Editors’ Picks for October 2020

10 reviews handpicked from the latest issue of Choice.

book covers

Armstrong, Paul B. Stories and the brain: the neuroscience of narrative. Johns Hopkins, 2020. 258p bibl index ISBN 9781421437743, $95.00; ISBN 9781421437750 pbk, $34.95; ISBN 9781421437767 ebook, $95.00.

Stories and the Braintakes an in-depth look at both current and classic research examining the prospective and retrospective perceptual processes involved in comprehending a narrative. The topics covered should be of interest to graduate students, faculty, and other researchers interested in human perception more broadly. Armstrong (Brown Univ.) takes a critical approach to theories of perception, cognitive science, aesthetics, and language, questioning many of the assumptions of early cognitive science and reevaluating these in light of the recent neuroscience literature. The individual’s experience of a narrative involves complex processes, which are holistic and inextricable from embodied cognitive processes involving motor and action sequences. This experience is not well accounted for either by the assumption of modularity or by computer-based models of human cognition. Moreover, the cognitive processes involved in comprehending a coherent narrative, the evaluating and reevaluating of previous material in light of current understanding, the emotional highs and lows in real time, and retrospective interpretation of a story are also applicable to the processing of other complex perceptual phenomena such as works of music or visual art. Overall, this book represents an important synthesis of new and classic research on cognitive narratology, making a significant step toward advancing the general discussion of human perception.–G. Seror III, Dickinson State University
Summing Up: Essential. Upper-division undergraduates, graduate students, and faculty researchers.

Dossett, Kate. Radical black theatre in the New Deal. North Carolina, 2020. 338p bibl index ISBN 9781469654416, $90.00; ISBN 9781469654423 pbk, $34.95; ISBN 9781469654430 ebook, $26.99.

Theater productions from the 1930s by or about African Americans have often been marginalized, but Dossett (Univ. of Leeds, UK) offers fresh insight into this subject. As part of the New Deal, the Federal Theater Project sponsored “Negro Units” to produce theater productions in 17 cities from 1935 to 1939. Dossett examines the plays produced, especially the manuscripts, some written by black authors and others about black people but written by white authors, such as Stevedore, by George Sklar and Paul Peters. The drama, set in New Orleans, centers around a black man falsely accused of raping a white woman. A lynch mob forms, black dock workers resist by arming themselves and erecting barricades, and a black woman shoots a member of the mob. At the last minute, white union workers intervene, pivotally “‘coming to the rescue of the besieged stevedores.'” For some audiences this play conveyed issues about class conflict and interracial unionism, yet many black audiences might rather have picked up on themes of black resistance and self-determination. Dossett illuminates these nuances and other long-neglected perspectives on black theater in the 1930s. Summing Up: Highly recommended. General readers through faculty; professionals. —W. Glasker, Rutgers, The State University of New Jersey, Camden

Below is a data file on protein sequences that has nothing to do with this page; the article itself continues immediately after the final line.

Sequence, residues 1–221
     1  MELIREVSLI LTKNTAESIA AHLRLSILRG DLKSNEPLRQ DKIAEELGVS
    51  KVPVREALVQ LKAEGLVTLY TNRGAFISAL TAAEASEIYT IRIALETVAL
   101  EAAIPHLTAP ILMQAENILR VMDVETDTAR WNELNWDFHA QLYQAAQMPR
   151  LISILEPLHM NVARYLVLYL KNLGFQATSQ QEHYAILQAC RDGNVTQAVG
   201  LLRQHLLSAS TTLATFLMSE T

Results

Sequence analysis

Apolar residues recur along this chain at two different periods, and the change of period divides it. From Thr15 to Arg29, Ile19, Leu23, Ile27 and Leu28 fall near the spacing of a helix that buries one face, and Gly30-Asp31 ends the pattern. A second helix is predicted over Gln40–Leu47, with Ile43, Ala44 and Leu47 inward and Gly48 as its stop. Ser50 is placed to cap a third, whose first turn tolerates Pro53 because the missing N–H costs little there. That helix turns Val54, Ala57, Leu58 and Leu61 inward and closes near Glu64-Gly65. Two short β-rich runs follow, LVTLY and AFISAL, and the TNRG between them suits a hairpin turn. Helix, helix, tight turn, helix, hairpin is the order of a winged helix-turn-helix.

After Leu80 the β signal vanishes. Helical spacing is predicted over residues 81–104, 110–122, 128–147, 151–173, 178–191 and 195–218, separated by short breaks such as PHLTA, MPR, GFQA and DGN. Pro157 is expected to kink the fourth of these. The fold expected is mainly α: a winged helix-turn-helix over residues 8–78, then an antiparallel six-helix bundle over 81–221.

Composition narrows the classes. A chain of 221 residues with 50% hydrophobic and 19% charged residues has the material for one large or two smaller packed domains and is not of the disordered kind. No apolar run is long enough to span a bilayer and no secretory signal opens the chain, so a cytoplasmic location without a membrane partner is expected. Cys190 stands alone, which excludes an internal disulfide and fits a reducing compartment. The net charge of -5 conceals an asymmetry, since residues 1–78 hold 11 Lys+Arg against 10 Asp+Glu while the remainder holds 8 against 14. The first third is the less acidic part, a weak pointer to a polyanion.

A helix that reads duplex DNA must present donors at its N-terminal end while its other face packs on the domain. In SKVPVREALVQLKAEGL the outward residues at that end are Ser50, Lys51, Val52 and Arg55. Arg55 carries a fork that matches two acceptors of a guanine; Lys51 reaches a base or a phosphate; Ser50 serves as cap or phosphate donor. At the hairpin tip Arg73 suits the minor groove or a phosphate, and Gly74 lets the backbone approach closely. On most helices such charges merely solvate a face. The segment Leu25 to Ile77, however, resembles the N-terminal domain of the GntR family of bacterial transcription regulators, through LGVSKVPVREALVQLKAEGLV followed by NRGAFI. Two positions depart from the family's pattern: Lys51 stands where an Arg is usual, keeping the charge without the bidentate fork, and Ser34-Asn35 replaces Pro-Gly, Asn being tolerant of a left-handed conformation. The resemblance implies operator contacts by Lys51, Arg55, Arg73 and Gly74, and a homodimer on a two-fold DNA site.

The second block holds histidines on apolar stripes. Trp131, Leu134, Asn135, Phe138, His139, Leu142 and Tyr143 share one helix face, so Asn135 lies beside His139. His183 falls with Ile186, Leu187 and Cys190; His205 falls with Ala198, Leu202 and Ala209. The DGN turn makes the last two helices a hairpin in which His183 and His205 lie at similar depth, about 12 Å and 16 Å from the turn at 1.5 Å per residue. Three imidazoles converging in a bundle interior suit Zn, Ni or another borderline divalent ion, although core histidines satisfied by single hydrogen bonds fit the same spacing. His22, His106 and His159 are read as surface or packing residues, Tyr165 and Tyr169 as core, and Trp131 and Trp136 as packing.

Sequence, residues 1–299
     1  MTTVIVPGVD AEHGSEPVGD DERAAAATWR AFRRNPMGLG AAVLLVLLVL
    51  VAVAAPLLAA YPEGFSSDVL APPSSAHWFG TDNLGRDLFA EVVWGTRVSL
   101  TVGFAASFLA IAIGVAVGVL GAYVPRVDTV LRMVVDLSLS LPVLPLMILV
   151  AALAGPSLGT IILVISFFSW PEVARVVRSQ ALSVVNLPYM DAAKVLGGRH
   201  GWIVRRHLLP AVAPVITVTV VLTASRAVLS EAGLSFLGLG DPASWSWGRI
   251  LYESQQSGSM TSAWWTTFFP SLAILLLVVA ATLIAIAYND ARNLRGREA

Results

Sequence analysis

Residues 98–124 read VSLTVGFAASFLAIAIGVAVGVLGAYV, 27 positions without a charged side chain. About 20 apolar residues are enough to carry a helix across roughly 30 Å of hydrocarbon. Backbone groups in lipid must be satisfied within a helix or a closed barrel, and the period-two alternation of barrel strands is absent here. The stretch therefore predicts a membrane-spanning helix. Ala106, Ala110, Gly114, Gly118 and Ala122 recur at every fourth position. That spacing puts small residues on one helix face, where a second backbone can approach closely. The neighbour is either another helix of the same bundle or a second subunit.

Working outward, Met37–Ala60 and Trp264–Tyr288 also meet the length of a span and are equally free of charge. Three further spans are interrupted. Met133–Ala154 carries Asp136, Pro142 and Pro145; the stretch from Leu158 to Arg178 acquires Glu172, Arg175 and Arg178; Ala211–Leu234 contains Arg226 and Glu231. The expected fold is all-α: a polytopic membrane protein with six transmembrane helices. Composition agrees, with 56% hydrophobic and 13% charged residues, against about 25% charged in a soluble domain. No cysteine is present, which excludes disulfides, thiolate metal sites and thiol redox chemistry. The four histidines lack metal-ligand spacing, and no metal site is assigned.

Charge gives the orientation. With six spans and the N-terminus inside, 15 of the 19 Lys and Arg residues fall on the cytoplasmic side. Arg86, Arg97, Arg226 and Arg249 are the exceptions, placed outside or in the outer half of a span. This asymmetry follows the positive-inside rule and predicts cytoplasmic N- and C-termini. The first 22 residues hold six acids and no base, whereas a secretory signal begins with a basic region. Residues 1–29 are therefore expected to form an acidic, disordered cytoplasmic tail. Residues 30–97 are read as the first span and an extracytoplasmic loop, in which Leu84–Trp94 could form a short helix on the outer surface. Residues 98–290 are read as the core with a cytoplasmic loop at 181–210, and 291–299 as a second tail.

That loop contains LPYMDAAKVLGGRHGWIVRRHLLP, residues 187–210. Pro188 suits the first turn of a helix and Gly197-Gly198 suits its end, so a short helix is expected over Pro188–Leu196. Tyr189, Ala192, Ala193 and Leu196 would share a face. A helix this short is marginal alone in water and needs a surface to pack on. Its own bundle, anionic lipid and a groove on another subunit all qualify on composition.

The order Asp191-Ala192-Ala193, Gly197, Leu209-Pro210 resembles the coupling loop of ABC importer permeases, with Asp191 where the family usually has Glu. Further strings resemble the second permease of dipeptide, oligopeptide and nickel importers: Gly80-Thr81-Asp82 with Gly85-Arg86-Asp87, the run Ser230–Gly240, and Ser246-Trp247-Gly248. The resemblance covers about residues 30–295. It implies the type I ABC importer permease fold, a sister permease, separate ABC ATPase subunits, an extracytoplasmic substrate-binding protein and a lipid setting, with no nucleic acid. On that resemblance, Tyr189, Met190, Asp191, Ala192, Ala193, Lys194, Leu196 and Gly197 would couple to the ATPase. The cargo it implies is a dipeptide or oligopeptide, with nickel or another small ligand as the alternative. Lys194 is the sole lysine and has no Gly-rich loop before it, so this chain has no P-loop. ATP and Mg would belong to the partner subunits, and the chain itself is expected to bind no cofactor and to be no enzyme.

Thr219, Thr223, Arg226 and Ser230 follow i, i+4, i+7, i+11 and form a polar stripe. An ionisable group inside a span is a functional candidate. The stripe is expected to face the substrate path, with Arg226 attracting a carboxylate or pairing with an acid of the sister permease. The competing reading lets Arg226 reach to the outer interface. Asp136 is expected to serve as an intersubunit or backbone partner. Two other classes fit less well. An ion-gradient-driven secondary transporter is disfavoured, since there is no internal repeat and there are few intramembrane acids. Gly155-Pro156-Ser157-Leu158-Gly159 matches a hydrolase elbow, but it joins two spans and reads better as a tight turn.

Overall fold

Glazier, Jack. Anthropology and radical humanism: Native and African American narratives and the myth of race. Michigan State, 2020. 241p bibl index ISBN 9781611863505, $45.95; ISBN 9781628953862 ebook, $36.95.

This book provides an outstanding biographical and intellectual history of anthropologist Paul Radin (1883–1959), focusing primarily on Radin’s research experiences with elderly African Americans conducted at Fisk University in Nashville, Tennessee. One chapter is also devoted to Radin’s fieldwork among the Ho-Chunk/Winnebago people of Nebraska and Wisconsin. Three chapters address Radin’s African American research with student and collaborator Andrew Polk Watson. Glazier (Oberlin College) is successful in situating Radin’s research methodology within the broader context of 20th-century anthropology. Unlike most early students of Franz Boas (1858–1942), Radin eschewed scientific generalizations, instead devoting most of his academic career to the collection of life histories. He presented each interviewee as a thoughtful, philosophically attuned individual. Although Radin himself posited no direct link between his Winnebago research and the interviews he conducted at Fisk, Glazier identifies this self-awareness as a common theme: African American and Winnebago informants both reported inner emotional and psychological stress prior to their religious conversions. Though it is unfortunate that Paul Radin’s name is not featured in either the book’s title or subtitle, this is ultimately an excellent study of an important and highly influential American anthropologist. Summing Up: Highly recommended. Graduate students, faculty, and professionals. –S. D. Glazier, Yale University

Hoggan, Chad. Transformational learning in community colleges: charting a course for academic and personal success, by Chad D. Hoggan and Bill Browning. Harvard Education Press, 2019. 249p index ISBN 9781682534052, $66.00; ISBN 9781682534045 pbk, $34.00.